“Every now and then, maybe friends pass away and you read about it in the paper and think about what he has done. He is just a rat.”

‘I was just numb’

Mrs Baines said she and her husband, 80, went to the firm’s Rosyth office in March 2018 to arrange their funeral packages and paid £6,900.

The pair, who met in the RAF in their youth and have been married for 54 years, were told they’d need to give card details over the phone to someone in another office to complete the payment.

About three weeks later they received paperwork containing their policy details with the Stevenson name printed on it.

In late 2019, police arrived at the couple’s door and Mrs Baines showed them their paperwork.

Stevenson Funeral Directors held an event in June 2019 to launch their new branch in Cowdenbeath.

Officers told her the documentation was invalid as it should have been from Avalon, a company which sells prepaid funeral plans either directly to members of the public or through arrangements with third parties such as undertakers.

Kirkcaldy Sheriff Court heard previously that the plans from Avalon are designed to give customers peace of mind that their money is with a trustee in the event of their chosen funeral directors going under or cases of allegiance changing.

Stevenson-Hamilton retained the money for himself instead of making Avalon aware and transferring funds to them.

Mrs Baines, who previously worked at a munitions depot in Crombie, said: “I was just shocked. After the police went away, I was on my own as my husband was at the darts. When he got back home I burst into tears. I was just numb.

“We had saved up for that and got our Wills and Powers of Attorney done as well.”

Dad ‘nearly died’ from stroke

Christina and Edward Plant, of Cardenden, were swindled out of nearly £3,000 by the fraudster.

Their daughter, Tina McLean, told us how doctors said they didn’t know if her father would make it after suffering a major stroke which she believes was brought on by the stress of losing the money.

Christina Plant, 76, and Tina McLean, 45, from Cardenden.

Mr and Mrs Plant used their savings for a one-off payment for Edward’s prepaid funeral package in April 2018.

Tina said her father started suffering strokes about 11 years ago and wanted to put funeral arrangements in place.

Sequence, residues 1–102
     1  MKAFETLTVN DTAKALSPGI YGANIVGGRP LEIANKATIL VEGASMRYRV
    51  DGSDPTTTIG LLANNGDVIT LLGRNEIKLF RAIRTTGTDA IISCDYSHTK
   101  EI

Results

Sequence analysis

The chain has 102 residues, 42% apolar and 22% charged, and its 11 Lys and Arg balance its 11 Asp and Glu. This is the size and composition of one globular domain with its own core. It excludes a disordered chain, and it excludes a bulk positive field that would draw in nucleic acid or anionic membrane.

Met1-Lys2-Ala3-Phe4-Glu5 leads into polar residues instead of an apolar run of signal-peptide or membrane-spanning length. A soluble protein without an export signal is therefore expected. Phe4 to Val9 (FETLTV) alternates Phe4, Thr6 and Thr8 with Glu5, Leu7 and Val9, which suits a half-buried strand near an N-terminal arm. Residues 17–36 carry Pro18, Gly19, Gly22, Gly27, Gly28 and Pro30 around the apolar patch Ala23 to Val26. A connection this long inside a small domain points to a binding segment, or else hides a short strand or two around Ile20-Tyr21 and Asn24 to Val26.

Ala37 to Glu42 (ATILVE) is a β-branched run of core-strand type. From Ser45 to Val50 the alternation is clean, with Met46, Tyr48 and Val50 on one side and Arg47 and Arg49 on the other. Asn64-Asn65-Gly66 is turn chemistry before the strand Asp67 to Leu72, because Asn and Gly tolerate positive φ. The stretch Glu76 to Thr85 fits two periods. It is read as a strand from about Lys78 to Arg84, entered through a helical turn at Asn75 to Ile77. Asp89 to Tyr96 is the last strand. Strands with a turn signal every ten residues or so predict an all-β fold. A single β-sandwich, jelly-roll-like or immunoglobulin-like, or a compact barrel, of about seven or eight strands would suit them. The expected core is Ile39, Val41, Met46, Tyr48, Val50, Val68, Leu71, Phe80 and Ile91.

She said the family were sent apparently legitimate paperwork which was stowed away until they were later contacted by police, who established it was fake.

Edward Plant.

Tina said: “I was gutted because £3,000 is a lot of money for pensioners to lose.

“My dad took a dip in health after it. He was in and out of hospital.

“He had strokes before it but it started getting worse because of it, definitely.

“It was touch and go at one point.

“He was sent for when he was in hospital.

“He was taken there due to a stroke and when in hospital, he took another big stroke.

“Doctors told us they did not know if he would get through that.”

Whistleblower was ‘abandoned’ by friends

The court heard previously that Stevenson-Hamilton’s bogus plans were uncovered by staff who worked for the firm and eventually challenged him.

Sarah Yorke, the firm’s principal funeral director at the time, became suspicious after a colleague said a family had been in touch questioning the funeral plan paperwork.

Sarah Yorke with Barry Stevenson-Henderson.

She then examined funeral plan folders in Rosyth and Kirkcaldy and discovered original application forms for the plans were still there.

They should have been sent to Avalon.

The 40-year-old said she spent time copying those originals, as well as copying payment receipts and fake Stevenson certificates which were sent out to clients in place of the correct Avalon paperwork.

Sarah Yorke attended Kirkcaldy Sheriff Court for her former boss’s sentencing.

Mrs Yorke contacted police and Dunfermline CID investigated. They contacted witnesses named in documentation.

Speaking to The Courier after his sentencing, she said she was “disappointed and angry” he wasn’t jailed for longer and believes the case should have been transferred to the High Court.

She says she is still owed about two-and-a-half months wages from Stevenson-Hamilton and that she was forced to use her credit card to pay the bills during that period.

She also described the process of gathering evidence and contacting police about the fraud as “one of the most difficult periods of her life”.

Mrs Yorke, of Kincardine, said she lost friendships with people in the industry over what happened and felt “abandoned” by them.

She said: “I was absolutely devastated.

“I’ve had not contact with them three years on and the damage has been irreplaceable.”